Turkey’s EU minister today said he was not hopeful about the prospect of realising a deal with the European Union on granting Turks visa-free access to most of the bloc.
“At this stage I would not say we are very hopeful,” EU Affairs Minister Volkan Bozkir told Turkish reporters in televised comments in Brussels following talks with EU Enlargement Commissioner Johannes Hahn.
The promise of visa-free travel is a key pillar of the landmark March accord for Turkey to stem the flow of migrants to the EU, but the whole deal appears now at risk of unravelling.
Ankara is obliged to meet the remaining five out of 72 conditions for its citizens to enjoy visa-free travel to Europe, including key sticking points on anti-corruption, data protection and counter-terror laws.
But with the military battling rebels from the Kurdistan Workers’ Party (PKK) in the Kurdish-majority southeast, Turkey says it cannot change its counter-terror laws.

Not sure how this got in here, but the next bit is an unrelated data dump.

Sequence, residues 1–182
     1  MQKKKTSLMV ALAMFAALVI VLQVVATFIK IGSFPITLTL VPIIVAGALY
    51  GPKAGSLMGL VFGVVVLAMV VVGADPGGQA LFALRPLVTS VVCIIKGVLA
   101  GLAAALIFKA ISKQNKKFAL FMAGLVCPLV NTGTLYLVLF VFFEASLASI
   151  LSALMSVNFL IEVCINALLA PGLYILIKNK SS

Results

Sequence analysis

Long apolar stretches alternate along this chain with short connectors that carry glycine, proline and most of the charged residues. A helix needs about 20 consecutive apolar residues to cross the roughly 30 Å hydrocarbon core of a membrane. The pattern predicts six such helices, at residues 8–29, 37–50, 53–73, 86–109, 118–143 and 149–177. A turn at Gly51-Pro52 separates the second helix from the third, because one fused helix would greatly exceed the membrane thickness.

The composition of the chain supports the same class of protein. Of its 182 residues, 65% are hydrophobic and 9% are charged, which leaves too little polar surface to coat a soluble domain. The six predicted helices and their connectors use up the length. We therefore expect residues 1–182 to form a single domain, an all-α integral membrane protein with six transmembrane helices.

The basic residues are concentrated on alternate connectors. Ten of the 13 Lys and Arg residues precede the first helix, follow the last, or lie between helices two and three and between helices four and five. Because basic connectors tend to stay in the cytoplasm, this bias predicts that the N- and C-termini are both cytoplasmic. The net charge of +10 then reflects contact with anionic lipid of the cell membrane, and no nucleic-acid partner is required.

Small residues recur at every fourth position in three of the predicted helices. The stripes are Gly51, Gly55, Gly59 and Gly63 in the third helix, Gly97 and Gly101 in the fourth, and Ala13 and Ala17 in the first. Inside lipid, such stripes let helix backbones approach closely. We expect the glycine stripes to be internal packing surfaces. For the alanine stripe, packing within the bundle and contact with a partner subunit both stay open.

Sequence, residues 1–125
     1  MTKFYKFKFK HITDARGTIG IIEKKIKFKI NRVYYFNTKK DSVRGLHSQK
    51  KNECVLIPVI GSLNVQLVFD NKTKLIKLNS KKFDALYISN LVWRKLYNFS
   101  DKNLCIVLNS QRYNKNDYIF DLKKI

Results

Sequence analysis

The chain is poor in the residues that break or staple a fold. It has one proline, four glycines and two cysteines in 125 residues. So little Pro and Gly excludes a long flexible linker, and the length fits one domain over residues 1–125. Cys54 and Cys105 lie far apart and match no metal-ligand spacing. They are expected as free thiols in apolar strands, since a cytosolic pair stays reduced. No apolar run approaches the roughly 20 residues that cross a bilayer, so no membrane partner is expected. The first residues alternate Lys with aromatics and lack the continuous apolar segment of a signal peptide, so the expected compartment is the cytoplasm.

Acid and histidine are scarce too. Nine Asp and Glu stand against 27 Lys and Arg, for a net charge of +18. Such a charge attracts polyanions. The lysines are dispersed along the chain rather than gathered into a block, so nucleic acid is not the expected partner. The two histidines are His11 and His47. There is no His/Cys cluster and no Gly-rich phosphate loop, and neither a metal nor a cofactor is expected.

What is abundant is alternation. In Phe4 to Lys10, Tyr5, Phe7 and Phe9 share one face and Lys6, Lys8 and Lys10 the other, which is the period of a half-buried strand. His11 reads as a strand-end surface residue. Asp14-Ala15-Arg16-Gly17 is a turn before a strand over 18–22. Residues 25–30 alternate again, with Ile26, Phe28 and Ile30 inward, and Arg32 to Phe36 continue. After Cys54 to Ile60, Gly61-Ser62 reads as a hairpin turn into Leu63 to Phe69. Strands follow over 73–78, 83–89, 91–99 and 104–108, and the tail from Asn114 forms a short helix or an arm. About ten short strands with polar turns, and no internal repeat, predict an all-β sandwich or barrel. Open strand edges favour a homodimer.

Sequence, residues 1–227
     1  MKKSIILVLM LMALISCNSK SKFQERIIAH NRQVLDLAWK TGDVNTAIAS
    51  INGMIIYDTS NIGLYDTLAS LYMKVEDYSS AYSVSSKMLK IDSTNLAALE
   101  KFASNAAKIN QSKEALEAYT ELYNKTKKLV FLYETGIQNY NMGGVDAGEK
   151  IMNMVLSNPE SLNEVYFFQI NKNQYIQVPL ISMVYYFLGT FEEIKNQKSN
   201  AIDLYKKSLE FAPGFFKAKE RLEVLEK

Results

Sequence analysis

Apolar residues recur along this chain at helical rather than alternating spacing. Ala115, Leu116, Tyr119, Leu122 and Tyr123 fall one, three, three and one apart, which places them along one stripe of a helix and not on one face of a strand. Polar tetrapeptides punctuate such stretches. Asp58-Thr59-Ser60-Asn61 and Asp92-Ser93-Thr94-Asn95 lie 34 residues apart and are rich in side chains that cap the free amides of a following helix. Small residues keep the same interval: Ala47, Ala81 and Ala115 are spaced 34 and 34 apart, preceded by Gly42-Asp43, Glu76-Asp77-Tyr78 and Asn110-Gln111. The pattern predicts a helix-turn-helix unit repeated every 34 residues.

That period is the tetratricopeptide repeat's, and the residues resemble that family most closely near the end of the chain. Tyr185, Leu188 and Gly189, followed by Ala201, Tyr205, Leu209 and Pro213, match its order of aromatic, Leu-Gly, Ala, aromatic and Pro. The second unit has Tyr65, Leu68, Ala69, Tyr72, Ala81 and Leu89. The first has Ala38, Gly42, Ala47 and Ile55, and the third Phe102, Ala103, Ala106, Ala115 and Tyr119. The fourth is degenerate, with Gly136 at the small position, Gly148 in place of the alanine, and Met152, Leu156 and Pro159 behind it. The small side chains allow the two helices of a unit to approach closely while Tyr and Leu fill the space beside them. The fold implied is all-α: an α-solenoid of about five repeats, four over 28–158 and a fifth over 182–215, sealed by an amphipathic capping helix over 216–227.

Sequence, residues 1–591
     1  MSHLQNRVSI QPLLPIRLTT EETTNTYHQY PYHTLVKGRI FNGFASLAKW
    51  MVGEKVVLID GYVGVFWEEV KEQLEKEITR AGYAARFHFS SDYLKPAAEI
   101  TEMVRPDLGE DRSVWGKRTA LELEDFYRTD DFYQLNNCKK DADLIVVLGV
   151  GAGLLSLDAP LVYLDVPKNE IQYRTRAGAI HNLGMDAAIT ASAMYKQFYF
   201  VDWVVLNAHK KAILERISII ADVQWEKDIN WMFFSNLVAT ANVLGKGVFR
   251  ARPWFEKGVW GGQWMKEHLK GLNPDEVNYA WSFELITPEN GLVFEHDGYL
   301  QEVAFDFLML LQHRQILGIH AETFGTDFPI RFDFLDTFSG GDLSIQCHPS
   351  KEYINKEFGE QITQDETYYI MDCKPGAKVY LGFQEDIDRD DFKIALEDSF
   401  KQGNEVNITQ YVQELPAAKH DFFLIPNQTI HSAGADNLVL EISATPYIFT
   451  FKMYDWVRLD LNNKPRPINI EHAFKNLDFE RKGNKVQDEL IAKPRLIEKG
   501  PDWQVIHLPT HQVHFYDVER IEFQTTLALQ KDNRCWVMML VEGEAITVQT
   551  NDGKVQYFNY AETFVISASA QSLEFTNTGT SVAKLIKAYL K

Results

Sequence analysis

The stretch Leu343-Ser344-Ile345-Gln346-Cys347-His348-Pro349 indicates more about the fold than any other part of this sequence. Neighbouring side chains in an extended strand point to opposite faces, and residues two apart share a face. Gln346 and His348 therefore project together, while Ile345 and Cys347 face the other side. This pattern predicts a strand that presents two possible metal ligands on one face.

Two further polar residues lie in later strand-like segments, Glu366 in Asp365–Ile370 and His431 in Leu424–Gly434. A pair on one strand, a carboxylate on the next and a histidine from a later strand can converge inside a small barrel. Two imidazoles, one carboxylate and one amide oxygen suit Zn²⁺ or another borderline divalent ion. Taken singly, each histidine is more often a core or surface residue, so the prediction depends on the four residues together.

The EU wants Ankara to sharply narrow its definition of “terror” to prevent recent cases like the prosecution of academics and journalists for publishing “terror propaganda”.
“Every country has things on which it can give ground and things on which it can’t. The European Commission should help Turkey,” said Bozkir.
“We think the European Commission should understand quite how critical the current situation is,” he added.
President Recep Tayyip Erdogan yesterday accused the European Union of “hypocrisy” for telling Ankara to adapt its counter-terror laws in return for visa-free travel while it was in the throes of fighting PKK rebels.
“Since when are you running this country? Who has given you the authority?” Erdogan asked, in one of his most stinging attacks in recent weeks on the EU.